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State Superintendent Tony Thurmond issues statement in response to governor’s updated school guidance

Tony Thurmond, California Department of Education
Posted at 4:00 PM, Jul 17, 2020
and last updated 2020-07-17 20:02:42-04

SACRAMENTO, Calif. — Governor Gavin Newsom announced Friday learning in California is "non-negotiable," and schools in counties that have not been on the state monitoring list for 14 days can physically open.

Newsom said while most people prefer in-class teaching and the benefits it brings to education, safety and health must come first.

The governor stated that schools in counties that do not meet the 14-day requirement must begin the school year with distance learning.

State Superintendent of Public Instruction Tony Thurmond issued the following statement in response to the Governor’s updated guidance for schools:

I want to commend the Governor for his leadership and for his focus on prioritizing public safety during what might be one of the most challenging experiences we will face in our lifetime. I appreciate the concern he expressed today as a father, his concern for the safety of California’s six million students, and his concern for the health and welfare of our schools’ educators and families.

I also want to thank the Governor for the work he has led to ensure that our educators have necessary personal protective equipment—already on its way to our 10,000 schools—in the form of millions of units of face coverings, face shields, hand sanitizer, and thermometers.

Today’s guidance from the California Department of Public Health lays out clear metrics for our schools so that they can best understand the conditions that determine when they must close. On Monday, the California Department of Education will host a meeting for our 1,000 school districts to unpack today’s guidance. We are grateful that our partners in the California Department of Public Health will present the guidance in this format and take questions from educators across the state.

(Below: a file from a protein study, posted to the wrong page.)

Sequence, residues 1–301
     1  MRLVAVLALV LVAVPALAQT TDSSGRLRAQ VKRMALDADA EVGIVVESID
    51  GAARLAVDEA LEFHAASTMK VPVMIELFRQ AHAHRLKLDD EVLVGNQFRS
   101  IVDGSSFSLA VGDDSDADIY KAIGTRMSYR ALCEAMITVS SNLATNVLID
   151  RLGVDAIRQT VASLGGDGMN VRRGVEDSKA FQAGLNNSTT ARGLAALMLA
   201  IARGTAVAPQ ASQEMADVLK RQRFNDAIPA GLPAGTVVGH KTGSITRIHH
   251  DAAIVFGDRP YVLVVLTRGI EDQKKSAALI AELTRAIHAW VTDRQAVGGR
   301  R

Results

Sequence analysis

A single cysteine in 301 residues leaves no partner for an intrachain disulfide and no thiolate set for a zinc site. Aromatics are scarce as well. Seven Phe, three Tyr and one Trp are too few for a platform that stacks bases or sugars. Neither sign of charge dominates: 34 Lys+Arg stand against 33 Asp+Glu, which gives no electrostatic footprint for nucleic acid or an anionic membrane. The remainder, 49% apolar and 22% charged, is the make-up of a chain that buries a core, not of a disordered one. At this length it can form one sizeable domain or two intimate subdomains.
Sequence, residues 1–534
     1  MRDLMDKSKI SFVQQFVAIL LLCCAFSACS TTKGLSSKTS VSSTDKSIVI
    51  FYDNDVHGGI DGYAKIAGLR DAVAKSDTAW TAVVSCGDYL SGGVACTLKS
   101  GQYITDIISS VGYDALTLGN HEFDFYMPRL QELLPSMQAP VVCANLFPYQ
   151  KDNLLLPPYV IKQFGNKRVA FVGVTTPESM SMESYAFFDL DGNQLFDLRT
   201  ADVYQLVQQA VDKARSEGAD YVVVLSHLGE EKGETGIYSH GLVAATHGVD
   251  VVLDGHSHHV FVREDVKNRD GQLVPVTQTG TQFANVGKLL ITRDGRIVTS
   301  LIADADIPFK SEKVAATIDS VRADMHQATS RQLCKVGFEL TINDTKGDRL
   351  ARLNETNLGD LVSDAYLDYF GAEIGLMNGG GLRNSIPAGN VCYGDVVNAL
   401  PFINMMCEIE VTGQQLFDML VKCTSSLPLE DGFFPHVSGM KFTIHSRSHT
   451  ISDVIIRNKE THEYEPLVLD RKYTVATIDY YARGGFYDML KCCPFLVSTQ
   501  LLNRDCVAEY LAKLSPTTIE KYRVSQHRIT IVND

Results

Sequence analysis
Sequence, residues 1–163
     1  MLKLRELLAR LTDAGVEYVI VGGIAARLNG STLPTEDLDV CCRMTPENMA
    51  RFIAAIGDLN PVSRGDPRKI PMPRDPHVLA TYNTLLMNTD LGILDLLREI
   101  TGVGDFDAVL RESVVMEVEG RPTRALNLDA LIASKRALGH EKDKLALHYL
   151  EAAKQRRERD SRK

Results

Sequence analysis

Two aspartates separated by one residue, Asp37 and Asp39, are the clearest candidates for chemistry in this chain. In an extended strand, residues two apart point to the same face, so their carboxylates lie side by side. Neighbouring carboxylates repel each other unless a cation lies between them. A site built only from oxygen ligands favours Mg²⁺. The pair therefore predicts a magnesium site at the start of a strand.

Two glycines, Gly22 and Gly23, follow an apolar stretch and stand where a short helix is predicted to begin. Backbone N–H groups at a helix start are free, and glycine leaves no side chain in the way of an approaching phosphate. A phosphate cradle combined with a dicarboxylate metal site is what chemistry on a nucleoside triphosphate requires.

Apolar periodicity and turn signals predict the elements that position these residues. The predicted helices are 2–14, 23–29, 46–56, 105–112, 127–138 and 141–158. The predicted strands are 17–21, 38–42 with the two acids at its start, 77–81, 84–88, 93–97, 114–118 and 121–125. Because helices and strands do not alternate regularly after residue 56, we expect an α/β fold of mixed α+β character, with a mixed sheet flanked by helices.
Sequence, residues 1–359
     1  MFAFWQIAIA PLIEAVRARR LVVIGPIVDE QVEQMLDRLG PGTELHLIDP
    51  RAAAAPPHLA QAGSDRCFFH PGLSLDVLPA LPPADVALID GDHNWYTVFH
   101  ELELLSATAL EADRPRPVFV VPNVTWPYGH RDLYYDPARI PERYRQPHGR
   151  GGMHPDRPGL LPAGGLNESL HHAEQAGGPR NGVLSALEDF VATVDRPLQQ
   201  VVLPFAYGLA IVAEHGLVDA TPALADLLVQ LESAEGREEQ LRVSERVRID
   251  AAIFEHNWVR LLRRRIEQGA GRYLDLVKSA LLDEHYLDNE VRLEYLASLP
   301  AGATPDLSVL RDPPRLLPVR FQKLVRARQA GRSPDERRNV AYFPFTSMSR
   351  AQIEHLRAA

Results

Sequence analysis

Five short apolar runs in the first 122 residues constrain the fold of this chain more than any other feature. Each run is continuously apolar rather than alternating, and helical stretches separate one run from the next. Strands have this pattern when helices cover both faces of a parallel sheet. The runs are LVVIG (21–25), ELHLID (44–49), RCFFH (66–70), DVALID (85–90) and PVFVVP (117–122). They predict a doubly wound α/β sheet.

As so many of our schools will begin their academic year virtually, we remain committed to continuing to work with the Governor, the Legislature, the State Board of Education, the California Department of Public Health, and educators across the state to address ways we can improve distance learning. We must accelerate this effort to ensure there is consistency and continuity moving ahead and that we are doing everything in our power to offset learning gaps that have been exacerbated by this pandemic.
State Superintendent Tony Thurmond

Newsom also announced the state investing $5.3 billion in additional funding for schools.

He also stated schools should close in-person learning if there is a confirmed case or if students go home with more than 5% of the school positive.

A district should go home if 25% of their schools are closed with a 14-day period.

The governor's Five Principle Pandemic Plan for Schools included the following:

  1. Safe in-person school based on local health data
    1. schools can physically reopen when the county has been off the monitoring list for 14 days
    2. schools that do not meet this requirement will not be able to reopen to in-person learning. Must begin the year with distance learning.
  2. Mask requirement
    1. all school staff and students in 3rd grade and above must wear masks
    2. 2nd and below must wear face shields
  3. Physical distancing + other adaptions
    1. staff must maintain 6ft distance between each other and students
    2. symptom checks
    3. handwashing stations
    4. sanitation
    5. protocols for quarantine
  4. Regular testing + dedicated contact tracing
    1. test staff regularly
    2. state contact tracing workforce will prioritize schools
  5. Rigorous distance learning
    1. access to devices and connectivity
    2. daily live interaction with teachers and students
    3. challenging assignments equivalent to in-person classes
    4. adopt lessons for English language learners and special education students